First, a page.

If my USB charger for AA/AAA NiMH batteries by BTY charges a NiMH battery, the current (ampèrage) of charge only depends on the USB input voltage (usually 5V) and the battery manufacturer (input current at 5V USB varies between 0.12A and 0.17A).

It keeps drawing the same power forever, even if the NiMH battery is full. The only difference is that the NiMH battery gets warm if charged completely.

I measured it with an USB multimeter (KW203).

That BTY charger has no charging controller.

Why does the charger keep drawing the same power forever?

  • \$\begingroup\$ Because it never stops charging. \$\endgroup\$ May 12, 2018 at 11:16
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    \$\begingroup\$ @Andyaka How does this not conform? It is about charging a NiMH battery. I expect a brief explaination for any mistakes I did. \$\endgroup\$
    – neverMind9
    May 12, 2018 at 13:51
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    \$\begingroup\$ Ask the manufacturer. It would also be a good idea to measure the actual charge current going into the battery. Most likely Ignacio is correct that it simply continues to charge the battery forever. \$\endgroup\$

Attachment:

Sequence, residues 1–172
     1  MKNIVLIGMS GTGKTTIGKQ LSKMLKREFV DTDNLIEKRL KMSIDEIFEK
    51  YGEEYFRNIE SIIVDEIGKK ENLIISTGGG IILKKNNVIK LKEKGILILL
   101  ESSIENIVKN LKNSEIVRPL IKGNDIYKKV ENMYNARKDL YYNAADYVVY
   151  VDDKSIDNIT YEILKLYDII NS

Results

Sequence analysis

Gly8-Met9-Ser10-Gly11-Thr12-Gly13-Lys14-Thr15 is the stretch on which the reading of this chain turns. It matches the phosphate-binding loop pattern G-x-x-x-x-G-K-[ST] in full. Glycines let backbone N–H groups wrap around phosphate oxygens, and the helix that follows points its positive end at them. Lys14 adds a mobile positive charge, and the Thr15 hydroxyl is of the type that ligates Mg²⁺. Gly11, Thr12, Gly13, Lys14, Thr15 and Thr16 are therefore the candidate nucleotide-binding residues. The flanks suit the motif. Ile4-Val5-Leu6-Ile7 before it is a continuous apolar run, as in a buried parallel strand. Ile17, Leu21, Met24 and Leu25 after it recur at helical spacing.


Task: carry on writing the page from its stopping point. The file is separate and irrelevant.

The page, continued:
– user57037
    May 12, 2018 at 17:15
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    \$\begingroup\$ NiMH (and also NiCd) is very tolerant of over-charge. But it will still shorten their service life. If you CC charge a NiMH battery indefinitely at C/10, I don't think it will ever explode. \$\endgroup\$
    – user57037
    May 12, 2018 at 19:42
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    \$\begingroup\$ It probably has a voltage regulator in it and wastes most of the power as heat even when it's not charging, or its a crap chinese charger. Either way without a schematic it's all speculation and a bad question \$\endgroup\$
    – Voltage Spike
    May 14, 2018 at 17:52

2 Answers 2


That BTY charger has no charging controller. Why does the charger keep drawing the same power forever?

Because it contains nothing more (expensive) than a resistor. That is the cheapest way to produce these chargers.

At currents below C/10, you won't damage the battery too badly when overcharging. But this also means that a ~2Ah AA battery will be full tomorrow instead of today.

  • \$\begingroup\$ These are known as dumb chargers. \$\endgroup\$
    – neverMind9
    May 13, 2018 at 23:23

If the battery current continues when the battery is charged then the battery will usually be damaged.

In most cases I'd destroy such a charger.

There is a (very) SMALL chance that the charger absorbs energy when the battery if full.
I have never seen this done.

AA NiMH batteries under about 1800 mAh used to be able to be trickle charged at <= C/1- (eg 150 mA for a 1500 mAh cell.)
Cells over 1800 mAh had the trickle charge recombination chemicals removed to allow higher capacity. Trickle charging at ANY rate will destroy them.
Modern NiMH AA at under 1800 mAh capacity MAY use the old construction methods. Or may not.


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